when first we practise to deceive. Did you ever tell a very minor lie that haunts you for years? I used to go to this dentist in Gerrard’s Cross. Charming man and very good dentist – if a bit vague. He once said to me, ‘You know Mrs Graham?’, and I, feeling that I should, said ‘yes’. What harm could there be in that? He said something bland about her and that was that – or so I thought.
It was a long course of treatment, and every time I went to the dentist he would talk about Mrs Graham – she was ‘old Mrs Graham' by then. Should I have said ‘I’ve no idea who you’re talking about’ – and been branded a serial liar? I used to have to psych myself up before each visit – not to withstand the pain, but not to laugh when he got on to Mrs Graham.
It lingered on from ‘Mrs G’s very sick, I have to do home visits now’ to the inevitable ‘Mrs Graham died last Sunday’ – and never once could I comment, or admit I had lied.
But I did learn a lesson – never lie to your dentist.
Remember the saga of the eye appointment? For those who missed the previous instalments: read Monday 11, when Ted was told that because King Edward VII Hospital is on the ‘Choose and Book' system, he could not book with King Edward directly – he must use ‘Choose and Book’. ‘But the system is not operational yet so ring later in the week.’
I ring Friday. ‘We don’t book that hospital, they maintain their own booking system. You must book directly with them’.
Me: ‘But you told me on Monday that I could not book directly with them’.
Ros, the Choose-and-Book booker: ‘Your doctor should have told you.’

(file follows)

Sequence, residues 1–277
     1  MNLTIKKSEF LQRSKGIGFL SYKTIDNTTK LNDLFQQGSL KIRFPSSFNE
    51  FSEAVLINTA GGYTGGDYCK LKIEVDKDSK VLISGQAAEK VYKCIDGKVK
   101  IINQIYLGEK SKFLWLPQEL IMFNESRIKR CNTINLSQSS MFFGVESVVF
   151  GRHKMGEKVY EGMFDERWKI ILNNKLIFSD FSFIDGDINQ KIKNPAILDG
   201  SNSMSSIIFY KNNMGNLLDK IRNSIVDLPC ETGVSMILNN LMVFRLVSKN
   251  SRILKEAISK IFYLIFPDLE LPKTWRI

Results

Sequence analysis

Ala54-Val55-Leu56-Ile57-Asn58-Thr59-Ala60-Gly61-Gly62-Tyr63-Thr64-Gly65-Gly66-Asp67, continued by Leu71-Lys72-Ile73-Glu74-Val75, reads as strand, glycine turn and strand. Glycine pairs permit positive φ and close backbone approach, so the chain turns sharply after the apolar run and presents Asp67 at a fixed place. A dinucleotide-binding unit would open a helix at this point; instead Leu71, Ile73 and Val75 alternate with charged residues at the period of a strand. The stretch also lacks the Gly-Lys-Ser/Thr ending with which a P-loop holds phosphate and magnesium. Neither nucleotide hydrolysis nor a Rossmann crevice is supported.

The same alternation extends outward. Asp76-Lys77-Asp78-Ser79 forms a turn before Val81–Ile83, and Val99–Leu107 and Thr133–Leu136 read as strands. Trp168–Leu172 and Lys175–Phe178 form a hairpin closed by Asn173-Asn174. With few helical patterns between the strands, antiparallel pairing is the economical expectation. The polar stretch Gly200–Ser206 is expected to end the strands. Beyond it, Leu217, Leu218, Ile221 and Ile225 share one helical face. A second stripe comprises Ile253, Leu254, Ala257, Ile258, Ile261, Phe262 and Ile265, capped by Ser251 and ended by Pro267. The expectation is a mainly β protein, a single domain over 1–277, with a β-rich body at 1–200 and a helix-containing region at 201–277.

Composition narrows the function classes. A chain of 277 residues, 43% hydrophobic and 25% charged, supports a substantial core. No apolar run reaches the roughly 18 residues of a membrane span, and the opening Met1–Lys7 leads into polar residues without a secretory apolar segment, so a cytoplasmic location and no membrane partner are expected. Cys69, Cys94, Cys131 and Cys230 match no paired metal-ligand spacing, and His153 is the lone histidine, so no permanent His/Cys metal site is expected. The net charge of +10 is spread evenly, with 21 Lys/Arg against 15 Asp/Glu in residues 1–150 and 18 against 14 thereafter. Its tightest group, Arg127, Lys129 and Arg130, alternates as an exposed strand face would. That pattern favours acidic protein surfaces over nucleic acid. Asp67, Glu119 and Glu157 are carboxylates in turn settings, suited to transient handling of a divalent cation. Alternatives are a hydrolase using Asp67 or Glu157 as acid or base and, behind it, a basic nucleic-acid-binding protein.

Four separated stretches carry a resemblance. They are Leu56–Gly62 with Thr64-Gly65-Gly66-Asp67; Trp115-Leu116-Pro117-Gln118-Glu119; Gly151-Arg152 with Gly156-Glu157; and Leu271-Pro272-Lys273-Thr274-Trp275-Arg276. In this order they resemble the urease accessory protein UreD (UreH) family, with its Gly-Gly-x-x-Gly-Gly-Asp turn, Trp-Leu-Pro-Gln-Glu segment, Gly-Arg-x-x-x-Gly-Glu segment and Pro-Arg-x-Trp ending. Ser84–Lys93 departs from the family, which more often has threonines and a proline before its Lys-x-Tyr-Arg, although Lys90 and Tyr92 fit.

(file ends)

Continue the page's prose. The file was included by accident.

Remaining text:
Me: ‘But why did you tell me the opposite?’
Ros: ‘Your GP should have told you’.
Me: Then wouldn't it be a good idea if someone told the GPs?
This, I would remind you, is not the eye surgery – this is just to get an appointment to talk about it.
Now, I have great news. I just rang the hospital and got the earliest available appointment: March 12 (but don’t bank on it).
We lost the Ashes. We didn’t just lose them, we handed them to the Aussies as a present. The triumphant e-mails will begin at any second. They’re into triumphalism, the Aussies – especially over the Poms. The Kiwis will be the same if they ever win a cricket match. It seems we planted a sport and reaped national pride.
I remember when an Ossie folk group won a top UK music award: a belligerent Oz accosted me in a north London pub and said ‘See, we even beat you in your own song awards.’ ‘That’s right’, I said, ‘Is that why they call it “We live in a World of our Own”'?
But fair dos – we were pretty bad and they were very good – and, as with the football, we made some basic mistakes. It just wasn’t professional to send the team home on holiday when they should have gone to Aussie for some practice on Oz wickets; then we left out our best spinner because the third best might make more runs – which he didn’t. And above all, we should know better, living in a climate which has rain every ten minutes, than to play against a country where it rains every ten years.
And let’s face it, no one in the world can play against Shane Warne at his best - or even at his worst. Like they say – it’s not over until the fat bowler spins.